North East-born actor Kieran Bew has landed the swashbuckling title role in ITV’s ambitious Beowulf adaptation.
Also heading for the region to star in the series are award-winning American actor William Hurt, famous for films including Body Heat, Kiss of the Spider Woman and Broadcast News, and Joanne Whalley who recently played Katherine of Aragon in the BBC’s Wolf Hall.
Kieran Bew, who is 34 and was born in Hartlepool, has appeared in a host of stage and TV productions but this is his biggest role.
On his Twitter site he greeted the ITV casting announcement with the single word “Hwaet” which is the first word of Beowulf, written in Old English.
Most recently Kieran played Duke Alphonso of Calabria in Da Vinci’s Demons, an historical fantasy drama shot in Wales for BBC Worldwide and American cable and satellite channel Starz.
He attended Hartlepool’s English Martyrs School and Sixth Form College before going on to study at the London Academy of Music and Dramatic Art.
As a teenager he was a fencing champion, winning British under-16 and under-17 titles and competing throughout Europe. He also swam competitively and played basketball.
These skills have evidently served him well in his career as an actor. In 1999 he worked as fight choreographer on productions of Hamlet and Two Noble Kinsmen at Shakespeare’s Globe Theatre.
On television he has appeared in episodes of The Bletchley Circle, Whitechapel, Inspector George Gently, Silent Witness, The Bill and WPC 56.
Swordsmanship will come to the fore when he plays warrior hero Beowulf in ITV Studios’ “epic re-imagining” of the 3,182-line Anglo Saxon poem which was written some time between the 8th and 11th centuries.
William Hurt, who turns 65 later this month, is cast as King Hrothgar who, in the poem, created the great hall of Heorot for his people.
In the poem, Hrothgar’s noisy warriors arouse the anger of a monster called Grendel.
Grendel attacks Hrothgar and his people flee. Their plight reaches the ear of Beowulf who leaves his home in Geatland and goes to help.
Further battles ensue – with Grendel’s mother and with a dragon – in the Anglo Saxon equivalent of a fantasy epic.
Joanne Whalley, who has also played Christine Keeler and Jackie Kennedy on screen, has landed the part of Rheda.
Others to appear in the series are Ed Speleers, who has appeared in Downton Abbey and Wolf Hall, as Slean and David Ajala, who was in film The Dark Knight, as Rate.
Ian Puleston-Davies (Coronation Street), Ellora Torchia (Indian Summers), Gisli Orn Gardarsson (Spooks and Spirits), Susan Aderin (The Last Detective), Kirsty Oswald (Ripper Street), Laura Donnelly (Outlander), Edward Hogg (Indian Summers), Alex Price (Father Brown), Jack Rowan (Silent Witness) and Itoya Osagiede (Okoro: The Prelude) have also landed parts.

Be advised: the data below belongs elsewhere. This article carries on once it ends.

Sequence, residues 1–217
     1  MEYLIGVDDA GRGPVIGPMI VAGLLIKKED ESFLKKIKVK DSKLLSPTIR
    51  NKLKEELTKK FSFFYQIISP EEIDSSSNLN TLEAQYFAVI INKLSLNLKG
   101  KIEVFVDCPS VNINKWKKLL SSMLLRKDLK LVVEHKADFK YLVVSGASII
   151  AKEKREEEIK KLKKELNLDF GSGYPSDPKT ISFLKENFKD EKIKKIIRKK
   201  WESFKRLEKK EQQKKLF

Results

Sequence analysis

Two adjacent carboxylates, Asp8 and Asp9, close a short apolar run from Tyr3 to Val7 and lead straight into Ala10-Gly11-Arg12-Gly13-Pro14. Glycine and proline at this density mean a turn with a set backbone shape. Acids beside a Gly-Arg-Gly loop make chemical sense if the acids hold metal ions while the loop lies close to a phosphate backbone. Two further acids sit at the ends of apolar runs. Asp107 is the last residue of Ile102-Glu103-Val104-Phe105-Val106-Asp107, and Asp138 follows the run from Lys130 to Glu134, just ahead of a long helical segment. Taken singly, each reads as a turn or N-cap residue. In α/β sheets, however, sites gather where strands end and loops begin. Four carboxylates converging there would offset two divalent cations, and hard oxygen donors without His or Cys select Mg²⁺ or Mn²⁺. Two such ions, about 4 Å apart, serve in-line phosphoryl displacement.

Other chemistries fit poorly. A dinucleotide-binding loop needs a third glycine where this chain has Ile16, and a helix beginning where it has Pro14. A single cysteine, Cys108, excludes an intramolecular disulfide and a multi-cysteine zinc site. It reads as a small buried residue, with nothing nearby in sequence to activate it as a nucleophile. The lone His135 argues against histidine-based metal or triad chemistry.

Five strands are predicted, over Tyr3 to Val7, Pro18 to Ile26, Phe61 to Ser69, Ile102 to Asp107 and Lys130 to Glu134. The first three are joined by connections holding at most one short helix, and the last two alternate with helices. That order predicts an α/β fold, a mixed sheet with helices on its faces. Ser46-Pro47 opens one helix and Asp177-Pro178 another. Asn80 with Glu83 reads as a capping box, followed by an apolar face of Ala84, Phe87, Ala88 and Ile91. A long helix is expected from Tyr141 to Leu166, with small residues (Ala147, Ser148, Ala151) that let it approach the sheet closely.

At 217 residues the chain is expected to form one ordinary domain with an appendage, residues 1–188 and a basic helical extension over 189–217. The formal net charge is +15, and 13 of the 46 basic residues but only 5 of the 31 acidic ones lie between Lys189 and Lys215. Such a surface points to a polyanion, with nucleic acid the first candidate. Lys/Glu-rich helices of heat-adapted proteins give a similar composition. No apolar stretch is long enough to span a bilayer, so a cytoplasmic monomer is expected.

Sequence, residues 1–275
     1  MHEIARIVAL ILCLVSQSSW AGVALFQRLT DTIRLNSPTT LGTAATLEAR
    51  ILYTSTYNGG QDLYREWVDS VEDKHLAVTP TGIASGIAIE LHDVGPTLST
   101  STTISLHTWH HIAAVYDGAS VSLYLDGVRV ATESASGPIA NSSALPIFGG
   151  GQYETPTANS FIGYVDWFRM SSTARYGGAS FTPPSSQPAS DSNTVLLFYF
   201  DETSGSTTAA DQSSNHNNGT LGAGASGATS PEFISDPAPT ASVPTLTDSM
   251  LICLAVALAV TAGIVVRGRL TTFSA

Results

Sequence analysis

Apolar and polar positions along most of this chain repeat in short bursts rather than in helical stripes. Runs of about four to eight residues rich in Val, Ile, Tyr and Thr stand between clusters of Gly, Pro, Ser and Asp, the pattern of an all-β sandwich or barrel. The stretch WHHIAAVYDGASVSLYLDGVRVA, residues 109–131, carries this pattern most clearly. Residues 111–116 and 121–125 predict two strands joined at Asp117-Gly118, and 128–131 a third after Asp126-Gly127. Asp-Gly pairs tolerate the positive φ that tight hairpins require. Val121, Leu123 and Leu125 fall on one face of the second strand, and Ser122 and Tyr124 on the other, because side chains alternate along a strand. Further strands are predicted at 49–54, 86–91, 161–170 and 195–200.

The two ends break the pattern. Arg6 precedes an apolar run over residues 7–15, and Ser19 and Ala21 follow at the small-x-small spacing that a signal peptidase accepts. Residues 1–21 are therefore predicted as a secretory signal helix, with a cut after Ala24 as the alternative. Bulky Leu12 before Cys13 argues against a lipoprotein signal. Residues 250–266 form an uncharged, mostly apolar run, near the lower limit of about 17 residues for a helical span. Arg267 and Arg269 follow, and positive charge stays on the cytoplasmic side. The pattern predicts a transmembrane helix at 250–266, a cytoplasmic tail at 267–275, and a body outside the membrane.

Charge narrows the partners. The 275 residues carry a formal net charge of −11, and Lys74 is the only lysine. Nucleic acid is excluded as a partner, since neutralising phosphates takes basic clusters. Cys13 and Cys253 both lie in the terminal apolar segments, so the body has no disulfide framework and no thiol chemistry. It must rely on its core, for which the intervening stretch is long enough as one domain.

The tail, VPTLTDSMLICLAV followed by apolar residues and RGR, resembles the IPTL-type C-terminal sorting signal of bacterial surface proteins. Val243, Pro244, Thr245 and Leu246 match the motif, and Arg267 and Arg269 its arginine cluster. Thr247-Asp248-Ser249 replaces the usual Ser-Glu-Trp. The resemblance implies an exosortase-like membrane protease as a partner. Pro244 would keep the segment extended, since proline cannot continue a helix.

ITV Studios went on to describe their Beowulf as an “action-packed 13-part drama series” set in Shieldlands, “a place of spectacle and danger populated by both humans and fantastical creatures”.
It is being created by writer and executive producer James Dormer, who has previously worked on Strike Back, Wallander and Outcast, along with Tim Haines and Katie Newman, ITV Studios’ creative director of drama and executive director of drama respectively.
ITV Studios said of Beowulf: “Essentially a western set in the Dark Ages of Britain’s mythic past, the story unfolds on a huge canvas, filmed amongst the breathtaking beauty of England’s North East.”
They further described it as “a series about courage, greed, betrayal, revenge, loyalty, power, man versus wilderness and, of course, love” and added that it would include epic fights, thrilling chases, raids, celebrations and battles.
In January Durham County Council granted planning permission for the construction of a large set on the 12-hectare site of a former cement works and quarry at Eastgate, near Stanhope in Weardale.
The set includes a mead hall and about 20 houses with permission to film over a five-year period.
ITV Studios said: “The production’s choice to use the spectacular locations available in Durham and Northumberland has been encouraged by the enthusiastic support of the various councils of the North East.”
ITV director of drama Steve November said: “Beowulf is a series with a charismatic protagonist at its heart.
“Equally it’s a spirited and fascinating ensemble drama with each character taking their own emotional and sometimes perilous journey.
“We’re delighted to be commissioning Beowulf and to be working with Tim Haines and his production team.”
In the first episode of the ITV ‘re-imagining’, Beowulf, after spending many years wandering as a mercenary warrior, returns to Herot to pay his respects to the recently deceased Thane, Hrothgar, who brought him up.
When Herot is attacked by the terrifying Grendel, Beowulf has no choice but to hunt him down, thereby winning favour with Herot’s new female Thane and the wider community.
The Beowulf production has been welcomed in the North East as a fillip to the regional film and TV industry and to the regional economy as a whole.